Pfffffft

Well, if anyone wanted the alleged housing bubble to be a self-fulfilling prophecy, they just found the guys with the pin: The President’s tax-advisory council is set to recommend limiting the tax deduction on mortgages — just as increased prices forced huge increases in the mortgages people have to pay to afford a home. Just as numbnutty, they are proposed to tax employer-paid health-insurance benefits — just as the cost of those benefits is skyrocketing. The commission was supposed to find a way to replace the revenue from the dreaded Alternative Minimum Tax, which is screwing more and more Americans every year. They didn’t stop screwing up. They just found another orifice.

Once again, this shows the utter lack of strategic vision from Bush. If he had balls and had any political capital left, he would have found a new tax strategy: flat-tax, value-added tax, simplified tax, something. Instead, he just found another way to piss off people.

  • Angelos

    They will always screw the bottom 97%.

    Before they rescind the completely overzealous tax cuts of the last 5 years, they will reduce medicare benefits, food stamps, education budgets, and whatever else they can do to the poor.

    Now, I guess, they’ve taken dead aim at decimating the middle class.

    But at least we’re safer.

  • Andy Freeman

    What fraction of the tax burden should the upper 1, 3, 10% pay? I ask because post-tax cut, they’ve been paying more than they were before.

  • http://www.quantumcatfish.com Jeff Alan

    This is appalling. And it is the worst kind of intellectual laziness–just like the Harriet Miers pick. Bush presumably sends this team off with a bold mission and they come back with this? Well you’re right. He undoubtedly has succeeded in pissing off a huge number of his (now, likely former) supporters. I can only hope that he will fire the whole lot of these boneheads.

  • http://www.rollingdoughnut.com/ Tony

    Bush didn’t send the panel with a bold mission; he sent them with a handcuffed, keep the progressive nature of the tax code mission. Of course, they botched even that and came up with draconian stupidity.

  • gigi

    Why are we subsidizing the financing of second, third homes? Why are we subsidizing the financing of speculative purchases of investment properties? Why are we subsidizing the building of 4000-6000 square foot homes to go along with our formerly subsidized Hummers? Tax incentives do work. (We had a 30 yr old client in here last night, total household income $40k, no kids, current 1500 square foot home won’t do for the two of them. No, they want a stated income product to purchase a 3000 sq foot home – partially subsidized by the mortgage interest deduction.)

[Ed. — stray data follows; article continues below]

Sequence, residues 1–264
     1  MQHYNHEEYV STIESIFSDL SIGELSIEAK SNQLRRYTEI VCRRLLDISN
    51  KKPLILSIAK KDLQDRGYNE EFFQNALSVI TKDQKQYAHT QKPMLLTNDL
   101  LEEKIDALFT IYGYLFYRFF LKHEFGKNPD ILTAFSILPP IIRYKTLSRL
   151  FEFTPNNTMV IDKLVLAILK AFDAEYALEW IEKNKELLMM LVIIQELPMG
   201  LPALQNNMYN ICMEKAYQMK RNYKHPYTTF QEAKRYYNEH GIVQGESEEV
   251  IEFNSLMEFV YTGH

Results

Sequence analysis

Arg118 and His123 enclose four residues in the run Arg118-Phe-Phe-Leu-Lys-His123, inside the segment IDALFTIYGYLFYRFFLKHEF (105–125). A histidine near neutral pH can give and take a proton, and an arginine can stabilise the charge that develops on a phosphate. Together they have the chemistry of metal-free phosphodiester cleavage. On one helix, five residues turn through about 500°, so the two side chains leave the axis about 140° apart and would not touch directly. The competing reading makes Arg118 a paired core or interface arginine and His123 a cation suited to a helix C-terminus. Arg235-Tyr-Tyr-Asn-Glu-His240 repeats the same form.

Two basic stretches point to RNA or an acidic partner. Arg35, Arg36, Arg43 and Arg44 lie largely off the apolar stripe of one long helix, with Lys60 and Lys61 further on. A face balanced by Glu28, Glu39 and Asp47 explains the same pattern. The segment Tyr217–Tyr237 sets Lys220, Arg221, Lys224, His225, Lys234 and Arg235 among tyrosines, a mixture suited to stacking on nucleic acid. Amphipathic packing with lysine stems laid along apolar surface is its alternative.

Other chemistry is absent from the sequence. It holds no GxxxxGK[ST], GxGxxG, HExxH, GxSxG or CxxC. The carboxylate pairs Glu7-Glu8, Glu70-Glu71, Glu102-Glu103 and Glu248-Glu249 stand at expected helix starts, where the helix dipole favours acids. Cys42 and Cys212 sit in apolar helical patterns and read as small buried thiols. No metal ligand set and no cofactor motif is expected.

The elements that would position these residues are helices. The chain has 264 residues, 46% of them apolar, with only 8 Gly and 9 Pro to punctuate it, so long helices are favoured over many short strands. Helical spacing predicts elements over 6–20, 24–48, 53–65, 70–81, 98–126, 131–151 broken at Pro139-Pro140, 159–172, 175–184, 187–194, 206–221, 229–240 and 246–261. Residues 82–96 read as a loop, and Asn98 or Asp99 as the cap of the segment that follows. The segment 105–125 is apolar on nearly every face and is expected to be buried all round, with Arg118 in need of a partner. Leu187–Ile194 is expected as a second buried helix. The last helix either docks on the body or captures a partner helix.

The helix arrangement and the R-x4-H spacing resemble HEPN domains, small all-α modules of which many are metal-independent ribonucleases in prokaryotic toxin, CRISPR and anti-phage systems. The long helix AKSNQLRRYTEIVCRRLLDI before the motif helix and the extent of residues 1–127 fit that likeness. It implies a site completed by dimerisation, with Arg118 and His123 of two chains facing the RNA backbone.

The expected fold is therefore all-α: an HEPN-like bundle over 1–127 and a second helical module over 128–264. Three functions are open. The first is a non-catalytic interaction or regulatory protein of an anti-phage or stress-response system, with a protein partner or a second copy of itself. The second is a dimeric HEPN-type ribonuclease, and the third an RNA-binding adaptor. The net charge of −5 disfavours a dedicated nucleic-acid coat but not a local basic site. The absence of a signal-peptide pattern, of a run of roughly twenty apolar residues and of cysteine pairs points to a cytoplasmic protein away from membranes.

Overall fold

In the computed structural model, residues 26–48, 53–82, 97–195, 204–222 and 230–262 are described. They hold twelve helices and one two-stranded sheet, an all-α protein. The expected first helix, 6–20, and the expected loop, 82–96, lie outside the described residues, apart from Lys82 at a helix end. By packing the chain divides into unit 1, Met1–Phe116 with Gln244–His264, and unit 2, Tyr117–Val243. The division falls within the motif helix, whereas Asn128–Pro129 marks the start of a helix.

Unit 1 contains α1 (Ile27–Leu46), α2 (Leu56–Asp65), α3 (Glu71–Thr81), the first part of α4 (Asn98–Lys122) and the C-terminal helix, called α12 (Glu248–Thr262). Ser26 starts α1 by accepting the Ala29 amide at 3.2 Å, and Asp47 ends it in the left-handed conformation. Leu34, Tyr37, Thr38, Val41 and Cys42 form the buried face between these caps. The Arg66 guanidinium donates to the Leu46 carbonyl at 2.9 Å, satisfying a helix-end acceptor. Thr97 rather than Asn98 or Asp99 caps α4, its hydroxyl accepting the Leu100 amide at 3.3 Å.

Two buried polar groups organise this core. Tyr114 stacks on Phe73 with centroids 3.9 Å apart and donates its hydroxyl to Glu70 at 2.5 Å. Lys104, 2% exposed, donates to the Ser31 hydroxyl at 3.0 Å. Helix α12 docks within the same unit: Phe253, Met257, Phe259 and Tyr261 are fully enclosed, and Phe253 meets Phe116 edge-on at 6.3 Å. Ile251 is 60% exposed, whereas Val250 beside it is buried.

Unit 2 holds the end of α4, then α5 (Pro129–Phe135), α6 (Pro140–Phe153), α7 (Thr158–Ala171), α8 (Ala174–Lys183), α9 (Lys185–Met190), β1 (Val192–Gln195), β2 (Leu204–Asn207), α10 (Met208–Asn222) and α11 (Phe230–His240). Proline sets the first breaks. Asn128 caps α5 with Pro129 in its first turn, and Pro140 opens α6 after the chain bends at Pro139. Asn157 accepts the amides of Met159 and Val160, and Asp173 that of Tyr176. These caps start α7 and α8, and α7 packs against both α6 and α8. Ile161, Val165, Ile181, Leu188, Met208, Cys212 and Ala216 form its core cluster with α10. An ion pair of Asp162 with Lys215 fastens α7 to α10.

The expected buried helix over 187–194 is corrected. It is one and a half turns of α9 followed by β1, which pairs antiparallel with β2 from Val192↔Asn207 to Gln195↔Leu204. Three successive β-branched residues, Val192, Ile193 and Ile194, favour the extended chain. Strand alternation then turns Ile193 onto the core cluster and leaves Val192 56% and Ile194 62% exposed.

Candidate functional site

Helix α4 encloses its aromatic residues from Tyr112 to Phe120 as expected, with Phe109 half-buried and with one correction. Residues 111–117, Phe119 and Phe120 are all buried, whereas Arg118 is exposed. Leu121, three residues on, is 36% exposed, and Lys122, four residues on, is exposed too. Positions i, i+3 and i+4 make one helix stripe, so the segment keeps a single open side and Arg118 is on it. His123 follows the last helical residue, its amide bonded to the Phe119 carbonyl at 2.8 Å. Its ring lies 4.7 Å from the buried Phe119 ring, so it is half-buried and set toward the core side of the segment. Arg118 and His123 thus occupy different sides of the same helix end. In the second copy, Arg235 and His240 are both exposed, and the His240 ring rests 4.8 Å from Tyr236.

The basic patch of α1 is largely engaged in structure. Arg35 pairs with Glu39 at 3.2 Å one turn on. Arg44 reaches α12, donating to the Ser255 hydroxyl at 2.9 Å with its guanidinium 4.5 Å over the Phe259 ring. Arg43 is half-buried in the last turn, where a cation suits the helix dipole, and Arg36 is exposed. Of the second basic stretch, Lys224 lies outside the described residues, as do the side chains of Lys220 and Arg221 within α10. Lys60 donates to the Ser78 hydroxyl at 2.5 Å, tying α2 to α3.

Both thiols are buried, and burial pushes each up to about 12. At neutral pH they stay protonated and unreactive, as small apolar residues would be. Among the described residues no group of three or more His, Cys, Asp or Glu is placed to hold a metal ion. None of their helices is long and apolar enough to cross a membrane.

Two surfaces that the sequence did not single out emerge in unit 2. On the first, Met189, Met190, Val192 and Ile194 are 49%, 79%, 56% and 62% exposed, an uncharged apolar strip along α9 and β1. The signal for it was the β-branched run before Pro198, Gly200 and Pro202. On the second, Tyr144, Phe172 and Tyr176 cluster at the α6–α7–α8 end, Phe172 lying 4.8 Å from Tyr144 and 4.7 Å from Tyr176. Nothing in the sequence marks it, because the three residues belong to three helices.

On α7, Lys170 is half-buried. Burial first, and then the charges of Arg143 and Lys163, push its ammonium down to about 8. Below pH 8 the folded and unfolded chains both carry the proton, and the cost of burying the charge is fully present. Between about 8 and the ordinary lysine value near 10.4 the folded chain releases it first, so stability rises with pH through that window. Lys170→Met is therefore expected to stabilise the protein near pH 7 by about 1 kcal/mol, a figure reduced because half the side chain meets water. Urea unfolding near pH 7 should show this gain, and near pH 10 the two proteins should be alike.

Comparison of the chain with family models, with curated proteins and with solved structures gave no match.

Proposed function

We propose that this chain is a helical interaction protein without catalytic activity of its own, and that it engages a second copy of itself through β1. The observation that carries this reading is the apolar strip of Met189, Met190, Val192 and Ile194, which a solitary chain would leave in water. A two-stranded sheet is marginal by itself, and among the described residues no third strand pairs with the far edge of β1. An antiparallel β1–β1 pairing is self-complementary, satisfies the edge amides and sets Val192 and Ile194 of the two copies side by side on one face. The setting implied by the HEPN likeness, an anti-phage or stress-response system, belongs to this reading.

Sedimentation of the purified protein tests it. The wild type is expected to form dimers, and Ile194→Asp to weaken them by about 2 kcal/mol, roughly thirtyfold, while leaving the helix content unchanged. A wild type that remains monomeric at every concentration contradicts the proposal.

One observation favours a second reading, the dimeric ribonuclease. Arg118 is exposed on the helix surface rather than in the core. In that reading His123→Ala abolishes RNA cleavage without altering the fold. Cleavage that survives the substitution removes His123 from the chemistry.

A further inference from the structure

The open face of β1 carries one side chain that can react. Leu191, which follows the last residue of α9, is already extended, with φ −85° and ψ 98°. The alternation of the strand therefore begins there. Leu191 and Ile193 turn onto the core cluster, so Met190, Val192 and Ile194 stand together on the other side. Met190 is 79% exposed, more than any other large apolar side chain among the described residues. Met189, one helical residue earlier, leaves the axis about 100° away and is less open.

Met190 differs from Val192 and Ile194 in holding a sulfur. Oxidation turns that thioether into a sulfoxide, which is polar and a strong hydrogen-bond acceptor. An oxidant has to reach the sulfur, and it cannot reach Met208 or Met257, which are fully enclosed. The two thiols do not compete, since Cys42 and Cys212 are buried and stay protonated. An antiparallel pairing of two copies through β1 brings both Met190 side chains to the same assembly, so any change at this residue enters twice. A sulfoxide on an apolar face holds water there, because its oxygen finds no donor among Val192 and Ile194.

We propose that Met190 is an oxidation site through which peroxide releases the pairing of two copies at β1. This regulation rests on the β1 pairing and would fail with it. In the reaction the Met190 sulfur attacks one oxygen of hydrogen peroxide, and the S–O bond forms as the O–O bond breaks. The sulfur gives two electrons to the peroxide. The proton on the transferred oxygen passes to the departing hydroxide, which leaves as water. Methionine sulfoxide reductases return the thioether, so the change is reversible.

This proposal has surfaced every year and is routinely shot down – the Realtor and Banker lobbies see to that. Personally, I think we should phase out the mortgage interest deduction over the next 30 years. Britain did so and it did NOT send real estate market tumbling.

  • http://www.quantumcatfish.com Jeff Alan

    Gigi:

    “We” aren’t subsidizing anything. Your statement makes the typical socialist argument that my money is really “our” money and when “we” cut “my” taxes, then “we” are giving “me” a subsidy, which of course, is baloney. Second and third homes? I bet the six Katrina evacuees that stayed with me for several weeks wished they had second homes. I think owning property is a wonderful thing; our tax system should reflect that. Who are you to decide what size house your client wants to live in? As long as they can pay the bill, that’s all that should matter, right. As long as they can (and do) pay the bill, it will force them to invest in their future. Hummers? Not an investment anyway, so irrelevant to the argument. And oh God, please don’t use Britain’s economy as an aspiration.

    But the point is, Bushes tax team *should* have been sent off with a bold mission to completely (and courageously) reengineer a Rube-Goldbergian mess, and instead they came back with a cowardly plan to add a grommet there and remove a widget here. Just shameful.

  • Angelos

    That’s good gigi, use the example of maybe .5% of population as a reason for an act that will kill everyone else.

    You get that from the latest RNC Talking Points mailing? Along with the packet of generic “letters-to-the-editor”?

    And gloss right over the health-insurance issue too – smart! Let’s gat that percentage of covered Americans down to 20 or 30. Fuck the sick. Really, who needs them?

    Really, let’s just get this over with. Turn our land over to the Republican Millionaire’s Club, humbly offer our services, and maybe they won’t whip us too much.

    Day is never finished, massah got me workin, someday gonna set me freee….

  • Andy Freeman

    Opponents of the mortgage tax deduction have never bothered to tell us why they think that it should be cheaper to rent than to own.

    Remember, interest is a cost of doing biz, so it’s deductible. If those costs aren’t deductible to owners as well, renting is cheaper.

    You’d think that they’re all apartment-dwellers, sucking up to landlords.

  • Ravo

    Angelos, this will hurt the rich more than the poor…something you love to see…yet still you bitch.

    And still you rant on about how the we tax the poor….which we do not.

    The reality is that the wealthy pay almost all of the federal income tax.

    The top half of taxpayers paid 96.5 percent, bottom half paid just 3.5 percent.

    http://www.humaneventsonline.com/article.php?id=9605

    That bottom half uses the same benefits from living here, protection, roads….infrastructure…than the wealthy who provide most all of it for them….as well as almost exclusively consuming huge social benefits in much greater excess than those providing them.